• How much exercise can I do and what activities are best? Is it safe for me to exercise on my own?
  • Can you review each of the medications I am taking and what they do?
  • How much salt can I consume daily?
  • How much water/fluids can I drink a day?
  • Would I benefit from an ICD?
  • Would I benefit from cardiac rehabilitation?
  • How often will I need to have my heart checked?

If you’ve been diagnosed with heart failure, there are several key questions that you should ask your cardiologist during your next visit. These questions will ensure that you and your doctor have discussed your major risk factors so that you can become or stay as healthy as possible.

  • What type of heart failure do I have?
  • What is my current heart function?
  • What is my prognosis?
  • What are my treatment options?
  • Which of my medicines is for heart failure?
  • How will I know if my condition is getting worse? When should I call you? When should I call 911?
  • What is my goal weight?
  • If I notice that I am weighing more, at what point should I call you?
  • How much exercise can I do and what activities are best? Is it safe for me to exercise on my own?
  • Can you review each of the medications I am taking and what they do?
  • How much salt can I consume daily?
  • How much water/fluids can I drink a day?
  • Would I benefit from an implantable cardioverter defibrillator (ICD)?
  • Would I benefit from cardiac rehabilitation?
  • How often will I need to have my heart checked?

VISUAL AIDS

What goes wrong in heart failure

How the Heart and Body compensate in Heart Failure

How Heart Failure causes Fluid Accumulation

How Vasodilators work in Heart Failure

How Diuretics work in Heart Failure

How Medical Devices work in Heart Failure

What I valued as much as his erudition was his people skills, he related to everyone as an individual, his understanding, communications, interactions and personable nature were exceptional. Dr Ubaid was quite simply staggering, he is somebody that has had a significant impact on me, not just for giving me my life back and for his medical genius but for being the person that he is.

His presence radiates a warmth, he instils confidence in all those around him, he sets an example for others to follow and is a role model for others to aspire to be like. He was kind, courteous, professional, understanding, caring and highly approachable and relatable as well as the medical guru we all benefit from and rely on to give us our lives back.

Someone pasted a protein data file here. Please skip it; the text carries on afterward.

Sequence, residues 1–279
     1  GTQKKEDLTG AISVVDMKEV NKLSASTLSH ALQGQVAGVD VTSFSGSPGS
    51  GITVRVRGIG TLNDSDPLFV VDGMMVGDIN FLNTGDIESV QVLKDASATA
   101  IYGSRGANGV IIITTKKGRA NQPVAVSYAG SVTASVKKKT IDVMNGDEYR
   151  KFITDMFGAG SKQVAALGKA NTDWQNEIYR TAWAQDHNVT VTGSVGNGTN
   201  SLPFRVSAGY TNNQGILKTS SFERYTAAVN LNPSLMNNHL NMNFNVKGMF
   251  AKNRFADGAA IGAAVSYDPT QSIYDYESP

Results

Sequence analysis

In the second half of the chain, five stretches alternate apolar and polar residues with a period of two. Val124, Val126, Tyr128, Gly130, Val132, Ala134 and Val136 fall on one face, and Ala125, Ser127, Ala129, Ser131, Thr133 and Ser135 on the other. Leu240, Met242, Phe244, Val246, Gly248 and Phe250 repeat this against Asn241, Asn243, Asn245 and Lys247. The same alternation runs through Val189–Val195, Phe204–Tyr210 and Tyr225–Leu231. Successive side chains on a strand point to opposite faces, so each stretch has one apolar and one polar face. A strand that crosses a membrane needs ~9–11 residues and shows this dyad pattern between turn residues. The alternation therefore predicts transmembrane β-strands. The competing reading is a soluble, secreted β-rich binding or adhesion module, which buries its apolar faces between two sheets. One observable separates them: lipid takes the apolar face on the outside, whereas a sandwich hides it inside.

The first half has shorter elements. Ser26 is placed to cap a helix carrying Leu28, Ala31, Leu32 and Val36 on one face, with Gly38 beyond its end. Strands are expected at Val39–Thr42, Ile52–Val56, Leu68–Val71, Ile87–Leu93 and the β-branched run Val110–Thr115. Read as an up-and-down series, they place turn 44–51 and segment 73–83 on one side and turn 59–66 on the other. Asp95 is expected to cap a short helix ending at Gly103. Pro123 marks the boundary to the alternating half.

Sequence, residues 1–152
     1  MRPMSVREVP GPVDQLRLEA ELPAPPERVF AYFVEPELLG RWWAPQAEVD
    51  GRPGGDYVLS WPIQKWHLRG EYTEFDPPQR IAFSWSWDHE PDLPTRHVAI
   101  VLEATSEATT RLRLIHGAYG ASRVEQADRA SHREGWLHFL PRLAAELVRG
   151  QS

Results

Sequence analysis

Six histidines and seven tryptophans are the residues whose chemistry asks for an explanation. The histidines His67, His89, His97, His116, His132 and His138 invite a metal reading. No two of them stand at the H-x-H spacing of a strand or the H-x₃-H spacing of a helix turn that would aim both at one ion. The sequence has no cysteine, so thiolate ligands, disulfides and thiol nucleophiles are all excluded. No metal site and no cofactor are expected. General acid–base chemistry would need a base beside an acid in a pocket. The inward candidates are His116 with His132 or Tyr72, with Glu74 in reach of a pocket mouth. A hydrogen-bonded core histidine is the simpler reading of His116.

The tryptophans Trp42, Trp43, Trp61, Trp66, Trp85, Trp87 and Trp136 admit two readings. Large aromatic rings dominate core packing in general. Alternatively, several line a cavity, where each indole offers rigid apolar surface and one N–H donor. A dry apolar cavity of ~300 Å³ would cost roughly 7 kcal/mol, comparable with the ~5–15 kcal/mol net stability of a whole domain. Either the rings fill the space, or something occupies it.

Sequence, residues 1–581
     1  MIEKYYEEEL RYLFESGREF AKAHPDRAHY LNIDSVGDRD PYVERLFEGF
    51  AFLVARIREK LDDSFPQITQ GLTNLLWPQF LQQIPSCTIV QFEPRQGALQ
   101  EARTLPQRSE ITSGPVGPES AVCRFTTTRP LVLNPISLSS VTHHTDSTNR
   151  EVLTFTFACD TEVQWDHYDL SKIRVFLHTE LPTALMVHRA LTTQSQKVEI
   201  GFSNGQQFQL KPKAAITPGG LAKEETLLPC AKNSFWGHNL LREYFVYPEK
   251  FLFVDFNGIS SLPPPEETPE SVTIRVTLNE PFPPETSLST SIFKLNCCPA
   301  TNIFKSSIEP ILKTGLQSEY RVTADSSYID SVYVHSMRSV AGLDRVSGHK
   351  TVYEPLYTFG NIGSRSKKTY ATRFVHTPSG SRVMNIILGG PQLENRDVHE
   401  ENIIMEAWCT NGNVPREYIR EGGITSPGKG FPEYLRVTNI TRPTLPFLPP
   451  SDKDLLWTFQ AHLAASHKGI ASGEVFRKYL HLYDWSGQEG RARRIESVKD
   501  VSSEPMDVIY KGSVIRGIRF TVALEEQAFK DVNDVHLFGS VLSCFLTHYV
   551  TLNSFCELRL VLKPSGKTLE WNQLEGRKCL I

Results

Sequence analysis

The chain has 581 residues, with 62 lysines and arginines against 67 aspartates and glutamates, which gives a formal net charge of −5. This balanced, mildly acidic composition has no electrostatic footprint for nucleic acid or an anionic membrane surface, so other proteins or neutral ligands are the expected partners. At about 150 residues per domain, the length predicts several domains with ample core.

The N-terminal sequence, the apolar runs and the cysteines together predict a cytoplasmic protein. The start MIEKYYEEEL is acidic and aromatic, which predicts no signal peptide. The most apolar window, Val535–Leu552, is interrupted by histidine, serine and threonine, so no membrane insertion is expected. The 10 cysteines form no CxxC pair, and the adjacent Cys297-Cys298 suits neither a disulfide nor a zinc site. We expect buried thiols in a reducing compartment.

In life we all need role models, if I was in training to be a doctor you would certainly fit that role for me. I thank you so much for what you have done to allow me to continue with my fitness regime and wish you well in the life ahead of you.

A great team player, all of the nursing staff are very happy to work with Salahaddin as he is polite, efficient, and has a great aura of calmness and competence and appreciates the time to be light-hearted.

In Dr Salahaddin Ubaid I had a medical genius who also contributed significantly to aiding me overcome all of the negative worries and emotions I was feeling. The care he provided to me, his attention to detail, his personal knowledge, expertise, experience and skills was outstanding.

Dr Ubaid works well with all the staff. His approach to his fellow workers is both patient and respectful. His easy going manner makes him very approachable to ask advice and he accommodates any delays graciously. I personally look forward to working with him.

Your kindness and good humour were very much appreciated and certainly put me at ease throughout the procedure, which on other ocassions has been quite daunting, your relaxed approach to my problem was very calm and professional.

Meet Dr Salahaddin Ubaid

General & Interventional Cardiology

Risk Assessment & Prevention Clinic

Sports Cardiology Clinic

Cardiac Rehabilitation Clinic